Daniel Levine: What treatment options exist for patients and what’s the prognosis for someone with the condition today?
Greg Flesher: Yeah, so unfortunately, there’s no drugs approved anywhere in the world for the treatment of primary mitochondrial myopathies. Today doctors try herbs and supplements to mitigate some of the symptoms associated with the disease, but unfortunately nothing is approved. Fortunately for us, we think that this could potentially be the first product approved for these patients and would have a profound effect in their day-to-day lives. In terms of prognosis, I know you mentioned the prognosis. Right now, there are a portion of patients born with this that won’t make it out of childhood. Those that do make it out of childhood tend to live not a pleasant life because as you can imagine, as you grow from a child to an adolescent to an adult and your energy demands increase and your cells aren’t able to meet those energy demands, your tissue goes under stress and the tissue dies. So, for these patients, quite often they tend to be wheelchair-bound, have a host of cardiovascular effects, neuromuscular effects, or skeletal muscle effects, as well as centrally driven CNS effects.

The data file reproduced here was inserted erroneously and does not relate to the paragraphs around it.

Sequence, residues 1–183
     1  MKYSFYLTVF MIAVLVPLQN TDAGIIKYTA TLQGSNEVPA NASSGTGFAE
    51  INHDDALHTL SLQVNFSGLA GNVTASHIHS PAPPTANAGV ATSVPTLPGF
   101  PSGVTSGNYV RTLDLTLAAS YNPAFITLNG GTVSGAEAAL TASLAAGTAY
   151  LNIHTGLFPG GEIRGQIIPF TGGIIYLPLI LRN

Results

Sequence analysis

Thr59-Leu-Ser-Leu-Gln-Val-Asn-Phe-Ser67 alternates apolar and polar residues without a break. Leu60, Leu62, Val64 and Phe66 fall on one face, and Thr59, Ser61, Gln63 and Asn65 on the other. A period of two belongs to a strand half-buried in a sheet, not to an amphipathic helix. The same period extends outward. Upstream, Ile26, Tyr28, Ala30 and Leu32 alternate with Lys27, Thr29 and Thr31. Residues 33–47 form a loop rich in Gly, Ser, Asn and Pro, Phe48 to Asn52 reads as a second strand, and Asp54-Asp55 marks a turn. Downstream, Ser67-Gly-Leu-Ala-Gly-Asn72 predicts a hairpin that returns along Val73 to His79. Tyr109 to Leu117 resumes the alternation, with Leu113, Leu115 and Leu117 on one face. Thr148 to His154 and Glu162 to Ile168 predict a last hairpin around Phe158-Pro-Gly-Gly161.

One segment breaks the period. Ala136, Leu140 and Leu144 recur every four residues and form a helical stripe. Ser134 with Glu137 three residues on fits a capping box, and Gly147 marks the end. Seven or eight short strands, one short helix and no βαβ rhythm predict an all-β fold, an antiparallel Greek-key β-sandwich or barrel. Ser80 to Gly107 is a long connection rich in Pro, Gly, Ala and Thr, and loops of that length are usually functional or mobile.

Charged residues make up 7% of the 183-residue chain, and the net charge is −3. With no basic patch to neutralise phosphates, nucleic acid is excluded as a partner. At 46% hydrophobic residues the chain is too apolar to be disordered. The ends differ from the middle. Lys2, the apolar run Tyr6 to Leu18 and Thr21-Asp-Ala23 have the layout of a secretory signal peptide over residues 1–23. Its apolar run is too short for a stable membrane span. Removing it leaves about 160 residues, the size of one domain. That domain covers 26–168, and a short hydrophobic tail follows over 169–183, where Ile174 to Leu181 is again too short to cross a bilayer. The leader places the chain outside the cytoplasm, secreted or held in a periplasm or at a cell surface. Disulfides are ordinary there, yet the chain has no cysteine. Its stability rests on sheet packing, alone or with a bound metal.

Daniel Levine: Reneo’s lead experimental candidate is in development for primary mitochondrial myopathies, as well as long chain fatty acid oxidation disorders. How are long-chain fatty acid oxidation disorders related to PMM?
Greg Flesher: Interesting. So, both FOD and PMM have similar phenotypes. The patients themselves are unable to metabolize certain nutrients to create ATP, or convert to ATP for long chain fatty acid oxidation disorder. These typically come from monogenic mutations, meaning point mutations or single mutations in a specific enzyme. For these patients, they have problems metabolizing long chain fats that you get in your diet. And as you can imagine, as a newborn child who could not yet eat normal food, mother’s milk and formula, which is heavily fat and providing calories tends to be your only source of energy. So, these unfortunate children go through quite a deal to navigate this. PMM patients can metabolize fats but not efficiently, and again, it doesn’t really become a problem until they become older adolescents or adults. And so, both have, again, the same phenotype: significant myopathy, muscle weakness, muscle fatigue, underdeveloped muscle systems, and both have the inability to metabolize fats and fatty acids, but for different reasons.
Daniel Levine: Let’s talk about your lead experimental therapy, REN001. What is it and how does it work?